Interest in incentives for naltrexone adherence resumed in the late 1990s with the publication of a controlled trial of incentives in which participants were randomly assigned to one of three study groups (n = 57; Preston et al., 1999). In the contingent group, participants received monetary vouchers contingent upon oral naltrexone ingestion. The voucher intervention was modeled after the “escalating schedule” developed by Higgins et al. (1991) for the treatment of cocaine dependence.1 In a yoked non-contingent control group, participants were matched to a participant in the contingency group and received vouchers whenever that participant received vouchers, independent of their own naltrexone consumption. In the no voucher group no incentives were available. All participants received free naltrexone and weekly counseling. Contingent group participants could earn up to $1155 for total adherence over 12 weeks, with thrice weekly naltrexone consumption required under observation. Contingency participants consumed a significantly greater number of doses on average [21.4 (59%)] compared to the non-contingent voucher group [11.3 (31%)] and the usual care control group [4.4 (12%)]. The groups were not significantly different with respect to opiate use, though the contingent group showed the highest overall rate of opiate-negative urine samples.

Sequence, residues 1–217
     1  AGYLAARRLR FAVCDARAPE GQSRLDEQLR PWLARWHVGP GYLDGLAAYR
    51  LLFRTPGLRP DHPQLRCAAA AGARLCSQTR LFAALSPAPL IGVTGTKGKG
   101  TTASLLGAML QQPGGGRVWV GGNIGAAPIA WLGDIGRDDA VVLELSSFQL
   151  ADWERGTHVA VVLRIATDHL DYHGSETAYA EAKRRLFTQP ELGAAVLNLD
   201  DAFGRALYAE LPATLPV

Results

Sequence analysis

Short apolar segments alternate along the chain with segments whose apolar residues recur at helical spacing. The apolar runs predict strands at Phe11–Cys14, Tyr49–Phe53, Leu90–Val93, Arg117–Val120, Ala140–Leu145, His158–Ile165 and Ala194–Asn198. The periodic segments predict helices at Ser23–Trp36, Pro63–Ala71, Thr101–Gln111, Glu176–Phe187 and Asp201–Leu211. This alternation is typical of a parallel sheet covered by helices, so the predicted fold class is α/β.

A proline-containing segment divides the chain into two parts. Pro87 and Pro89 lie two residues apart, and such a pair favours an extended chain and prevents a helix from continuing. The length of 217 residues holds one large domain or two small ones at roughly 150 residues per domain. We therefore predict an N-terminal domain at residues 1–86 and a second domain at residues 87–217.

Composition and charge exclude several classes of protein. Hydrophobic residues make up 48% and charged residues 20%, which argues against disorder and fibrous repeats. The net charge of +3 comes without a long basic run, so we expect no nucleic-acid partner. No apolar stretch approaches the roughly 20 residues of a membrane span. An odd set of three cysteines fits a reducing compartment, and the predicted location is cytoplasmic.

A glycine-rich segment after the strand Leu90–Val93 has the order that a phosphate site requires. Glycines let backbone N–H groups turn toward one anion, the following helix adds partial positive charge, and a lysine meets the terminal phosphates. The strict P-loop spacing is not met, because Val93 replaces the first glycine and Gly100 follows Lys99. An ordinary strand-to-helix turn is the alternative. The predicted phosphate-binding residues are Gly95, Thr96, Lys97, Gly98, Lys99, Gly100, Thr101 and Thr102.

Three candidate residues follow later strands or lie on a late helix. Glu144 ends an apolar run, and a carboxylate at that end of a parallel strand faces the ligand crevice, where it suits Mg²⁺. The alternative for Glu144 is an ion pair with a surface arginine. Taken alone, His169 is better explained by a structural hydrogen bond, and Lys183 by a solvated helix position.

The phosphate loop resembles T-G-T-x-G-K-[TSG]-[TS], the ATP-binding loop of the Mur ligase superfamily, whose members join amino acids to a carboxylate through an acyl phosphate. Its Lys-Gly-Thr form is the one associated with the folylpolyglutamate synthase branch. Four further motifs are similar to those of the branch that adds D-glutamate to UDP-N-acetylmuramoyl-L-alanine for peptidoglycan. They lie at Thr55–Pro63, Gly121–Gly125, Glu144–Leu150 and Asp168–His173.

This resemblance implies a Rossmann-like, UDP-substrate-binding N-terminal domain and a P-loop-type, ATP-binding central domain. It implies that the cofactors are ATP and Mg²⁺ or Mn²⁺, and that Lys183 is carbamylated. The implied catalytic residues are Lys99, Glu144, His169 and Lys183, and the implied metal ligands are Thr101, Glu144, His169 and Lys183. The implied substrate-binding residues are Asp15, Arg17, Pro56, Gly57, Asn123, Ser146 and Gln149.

Carroll et al. (2001) described a similar randomized controlled trial of an incentive-based intervention for naltrexone adherence (n = 127). Participants were randomly assigned to usual care, incentives, or incentives plus significant other involvement. This study differed importantly from the Preston et al. (1999) study in two respects. First, participants in the incentives groups were paid separately for naltrexone adherence (confirmed by direct observation of pill consumption) and drug abstinence (confirmed by urinalysis) according to independent escalating schedules. Second, the value of incentives available for naltrexone adherence was substantially lower. Perfect naltrexone adherence and drug abstinence resulted in $561 in items over 12 weeks. Statistics in this study were conducted on the basis of contrasts between intervention elements rather than direct group comparisons, and show that the incentives did not produce a significant effect on naltrexone adherence. However, participants who received incentives submitted a significantly greater number of drug-free urine samples compared to usual care.